, or the Chinese pangolin, ranges westward through Nepal, Assam, and eastern Himalaya, Burma, and China. The Chinese pangolin has been reported in Ramechap, Pannauti, Soondarijal, Barabisse, and Baglung.
Chinese pangolins inhabit subtropical and deciduous forests. In central Nepal these areas are on rolling hills where there are numerous, large termite mounds.
is a burrowing species. They use their strong, clawed forefeet to dig burrows up to 8 ft deep. This can be done in three to five minutes. Once the pangolin is inside, it blocks the entrance. In some cases, they have been observed occupying the burrow of another animal.
The Chinese pangolin has been referred to as the scaly anteater because that is what it resembles. It measures around 60 cm from head to body with an 18 cm tail. Sexual dimorphism is present in this species.
has about 18 rows of overlapping scales. The scales are accompanied by hairs, an unusual combination in mammals.
Chinese pangolins have a small pointed head and a narrow mouth. The nose is fleshy and has nostrils at the end. This bronze colored animal has a very round body. The forefeet and hind feet are equipped with sharp claws.
In Nepal, Chinese pangolins reproduce during April and May. A single young is born measuring about 45 cm and weighing about 1 lb. The young come equipped with scales, although they are soft and flexible for the first two days of life. Although they are able to walk at birth, young pangolins are carried on their mother's tail or back. If the mother is threatend, she folds her offspring under her body with her tail. Male pangolins have been observed to exhibit remarkable parental instincts and share a burrow with the female and young.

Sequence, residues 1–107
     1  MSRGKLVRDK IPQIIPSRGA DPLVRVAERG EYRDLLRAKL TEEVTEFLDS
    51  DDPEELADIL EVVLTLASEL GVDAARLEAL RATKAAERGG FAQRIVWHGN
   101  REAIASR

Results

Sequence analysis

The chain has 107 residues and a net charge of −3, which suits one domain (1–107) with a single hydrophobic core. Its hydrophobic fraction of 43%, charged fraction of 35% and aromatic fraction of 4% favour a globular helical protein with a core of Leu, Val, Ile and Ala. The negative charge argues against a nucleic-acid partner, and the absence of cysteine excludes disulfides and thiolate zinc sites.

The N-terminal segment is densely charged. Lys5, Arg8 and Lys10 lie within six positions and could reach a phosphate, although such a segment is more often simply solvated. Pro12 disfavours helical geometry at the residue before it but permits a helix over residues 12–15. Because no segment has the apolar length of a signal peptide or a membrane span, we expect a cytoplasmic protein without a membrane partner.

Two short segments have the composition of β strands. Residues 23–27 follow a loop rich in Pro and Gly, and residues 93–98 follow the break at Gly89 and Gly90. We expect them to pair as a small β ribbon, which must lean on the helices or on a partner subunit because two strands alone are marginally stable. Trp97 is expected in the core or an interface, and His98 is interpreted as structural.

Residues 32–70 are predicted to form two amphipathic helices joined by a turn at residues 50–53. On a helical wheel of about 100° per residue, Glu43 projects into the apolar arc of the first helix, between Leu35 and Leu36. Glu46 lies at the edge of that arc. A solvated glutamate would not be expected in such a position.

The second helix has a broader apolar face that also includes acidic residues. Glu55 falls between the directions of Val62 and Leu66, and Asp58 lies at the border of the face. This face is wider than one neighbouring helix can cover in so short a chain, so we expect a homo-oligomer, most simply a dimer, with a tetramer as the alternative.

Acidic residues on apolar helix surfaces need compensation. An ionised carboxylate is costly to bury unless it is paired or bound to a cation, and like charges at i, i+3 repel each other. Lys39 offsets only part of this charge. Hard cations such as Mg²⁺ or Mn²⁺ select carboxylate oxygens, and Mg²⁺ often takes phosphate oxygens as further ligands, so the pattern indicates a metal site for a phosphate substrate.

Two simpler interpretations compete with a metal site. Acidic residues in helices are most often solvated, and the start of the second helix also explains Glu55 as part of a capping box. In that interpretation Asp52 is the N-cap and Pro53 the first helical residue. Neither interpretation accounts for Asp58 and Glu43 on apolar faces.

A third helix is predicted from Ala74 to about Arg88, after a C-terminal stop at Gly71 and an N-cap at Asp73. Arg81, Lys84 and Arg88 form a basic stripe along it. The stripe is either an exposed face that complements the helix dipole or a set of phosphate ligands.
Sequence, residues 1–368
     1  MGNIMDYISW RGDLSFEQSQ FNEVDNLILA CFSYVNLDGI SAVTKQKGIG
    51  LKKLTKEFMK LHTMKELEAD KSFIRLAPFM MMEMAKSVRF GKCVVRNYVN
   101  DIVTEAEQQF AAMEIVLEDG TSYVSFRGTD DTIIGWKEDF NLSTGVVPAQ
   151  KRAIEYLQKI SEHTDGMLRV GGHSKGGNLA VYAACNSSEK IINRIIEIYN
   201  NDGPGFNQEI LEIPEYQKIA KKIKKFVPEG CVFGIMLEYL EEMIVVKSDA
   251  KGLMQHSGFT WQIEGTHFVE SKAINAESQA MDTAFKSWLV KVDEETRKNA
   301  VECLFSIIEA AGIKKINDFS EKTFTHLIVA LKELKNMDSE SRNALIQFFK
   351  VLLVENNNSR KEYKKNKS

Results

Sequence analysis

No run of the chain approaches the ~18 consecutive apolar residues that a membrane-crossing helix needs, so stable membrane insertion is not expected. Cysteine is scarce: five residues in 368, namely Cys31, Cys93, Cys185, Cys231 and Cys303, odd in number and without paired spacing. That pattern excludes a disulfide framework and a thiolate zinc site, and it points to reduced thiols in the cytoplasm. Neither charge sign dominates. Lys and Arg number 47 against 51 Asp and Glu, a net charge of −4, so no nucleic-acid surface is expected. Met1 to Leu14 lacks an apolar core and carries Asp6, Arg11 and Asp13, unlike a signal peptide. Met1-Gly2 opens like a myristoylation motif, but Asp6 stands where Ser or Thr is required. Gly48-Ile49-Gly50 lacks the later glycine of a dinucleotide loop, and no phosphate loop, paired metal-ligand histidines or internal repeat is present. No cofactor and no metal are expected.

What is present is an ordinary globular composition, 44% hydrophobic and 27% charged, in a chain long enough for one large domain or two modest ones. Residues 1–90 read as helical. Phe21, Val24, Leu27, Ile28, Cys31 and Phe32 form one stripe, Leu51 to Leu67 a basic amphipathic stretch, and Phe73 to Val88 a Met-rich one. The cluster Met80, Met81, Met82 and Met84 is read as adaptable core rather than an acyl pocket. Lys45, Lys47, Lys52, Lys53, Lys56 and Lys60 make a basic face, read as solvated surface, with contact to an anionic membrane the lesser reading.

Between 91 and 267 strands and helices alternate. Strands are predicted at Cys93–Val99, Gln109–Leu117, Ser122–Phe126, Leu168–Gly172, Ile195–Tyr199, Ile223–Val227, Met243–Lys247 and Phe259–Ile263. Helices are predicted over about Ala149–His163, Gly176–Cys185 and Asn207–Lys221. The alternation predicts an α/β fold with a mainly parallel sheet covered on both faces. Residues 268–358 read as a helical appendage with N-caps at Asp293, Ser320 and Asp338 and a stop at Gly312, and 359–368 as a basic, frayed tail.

Not much is known about. Not only are they nocturnal animals, but they are extremely shy and slow moving creatures. They are not aggressive. They defend themselves by curling up into a ball, and they are also protected from predators by the hard scales that cover their bodies.
is a predominantly terrestrial species. It has, however, been observed in the jungle canopy up to 20 ft above the ground.
feed on insects, namely ants and termites. They use their claws to open up termite and ant mounds. Then they draw the prey into their mouths with their 25 cm long, sticky tongues.
The Chinese pangolin is considered a delicacy in many areas such as Vietnam and Hong Kong. They are hunted mainly for their meat.
live in many protected forests throughout their range. The biggest conservation problem that they face is being hunted for meat, and habitat destruction. Many of the protected parks that they inhabit cannot be patrolled and poachers hunt at will with little chance of being caught. Land development threatens the areas that are not protected.
Shelley Raynor (author), University of Michigan-Ann Arbor, Phil Myers (editor), Museum of Zoology, University of Michigan-Ann Arbor.
having body symmetry such that the animal can be divided in one plane into two mirror-image halves. Animals with bilateral symmetry have dorsal and ventral sides, as well as anterior and posterior ends. Synapomorphy of the Bilateria.
uses smells or other chemicals to communicate
animals that use metabolically generated heat to regulate body temperature independently of ambient temperature. Endothermy is a synapomorphy of the Mammalia, although it may have arisen in a (now extinct) synapsid ancestor; the fossil record does not distinguish these possibilities. Convergent in birds.
forest biomes are dominated by trees, otherwise forest biomes can vary widely in amount of precipitation and seasonality.
having the capacity to move from one place to another.
the area in which the animal is naturally found, the region in which it is endemic.
found in the oriental region of the world. In other words, India and southeast Asia.
scrub forests develop in areas that experience dry seasons.
reproduction that includes combining the genetic contribution of two individuals, a male and a female
uses touch to communicate
Accessed December 10, 1999 at www.panasia.org.sg/nepalnet/ecology/pangolin.htm.
Accessed December 10, 1999 at www.hku.hk/ecology/staffhp/dd/ddl.htm.